With all the advances I have made because of Ampyra, I've found myself in a strange, confusing place.  I'll probably write about that someday soon.  I'm in a place where I'm much better, where for the first time since I was diagnosed with MS, I actually feel somewhat stable.  And this is just strange.  There's much more to this, but it's a different blog entry.  Stay tuned.

A long time ago at a group, someone said, wouldn't we all be happy if our MS progression could just be stopped, so things didn't get worse?  And I said no.  I wouldn't be happy just to have progression stop.  I wanted to get better.  I still want to continue getting better.

The only reason that will happen is if research continues.  The only way research will continue is if we keep asking for donations.  And the only way research will continue is if people continue to donate.

I told my skiing instructor recently that I could wiggle my toes for the first time this season, and then they finally weren't as cold.  I told him it's such a small thing.  He said the obvious: "Beth, many small things add up to big things."  This is true.  Each year we walk, we ask for donations, and people give donations, ..., it may seem small.  But these small things, down to small donations, add to big things.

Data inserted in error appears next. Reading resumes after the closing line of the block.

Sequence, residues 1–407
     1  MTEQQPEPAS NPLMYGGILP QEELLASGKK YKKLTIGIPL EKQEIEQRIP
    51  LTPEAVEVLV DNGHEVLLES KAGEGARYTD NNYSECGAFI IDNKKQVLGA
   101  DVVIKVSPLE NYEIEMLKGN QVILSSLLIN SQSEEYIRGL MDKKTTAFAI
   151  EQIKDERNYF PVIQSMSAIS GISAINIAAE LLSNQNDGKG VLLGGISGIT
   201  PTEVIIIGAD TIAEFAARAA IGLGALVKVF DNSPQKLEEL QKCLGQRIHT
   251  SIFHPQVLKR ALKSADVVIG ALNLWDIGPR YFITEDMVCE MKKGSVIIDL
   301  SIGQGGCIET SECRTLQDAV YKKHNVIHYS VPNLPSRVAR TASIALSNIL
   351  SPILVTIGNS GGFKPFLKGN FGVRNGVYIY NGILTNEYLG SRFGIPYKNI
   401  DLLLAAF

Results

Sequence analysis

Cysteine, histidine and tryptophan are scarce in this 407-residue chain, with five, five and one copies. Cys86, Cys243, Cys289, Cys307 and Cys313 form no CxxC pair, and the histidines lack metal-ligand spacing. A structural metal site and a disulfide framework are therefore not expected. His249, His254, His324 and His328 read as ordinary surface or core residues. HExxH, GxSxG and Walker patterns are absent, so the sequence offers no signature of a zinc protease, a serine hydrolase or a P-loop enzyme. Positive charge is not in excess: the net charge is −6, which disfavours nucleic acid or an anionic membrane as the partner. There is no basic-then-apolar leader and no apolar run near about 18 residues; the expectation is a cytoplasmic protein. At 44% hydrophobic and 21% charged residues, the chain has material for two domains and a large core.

2.5 years ago I could walk only 30 feet.  2 years ago it took me an hour to do a lap around the track.  Gradually my time improved.  2 months ago I broke 20 minutes.  Last weekend, when it wasn't snowing, I broke 16 minutes.  Small things lead to big things.

Please be a part of this.


Sunday, March 3, 2013

Do you see what I see?

This past Friday night I took my daughter to McDonalds.  I had promised this as they have completely redone the restaurant and there is a new play area.

I also decided that I needed to walk into the restaurant because I hadn't walked enough that day (I thought).  We arrived at probably the worst time of day for me to walk - 5:30pm - on a Fri - when everyone else had decided, it seemed, to also go to McDonalds.  There were different groups - families, teenagers, etc.  It was loud; there was a line; it was chaotic.  Using my walker was not a good decision - when there's a bunch of noise and chaos, it somehow throws me...  I need to concentrate more, people are staring, and standing still is always difficult - it's easier to keep moving.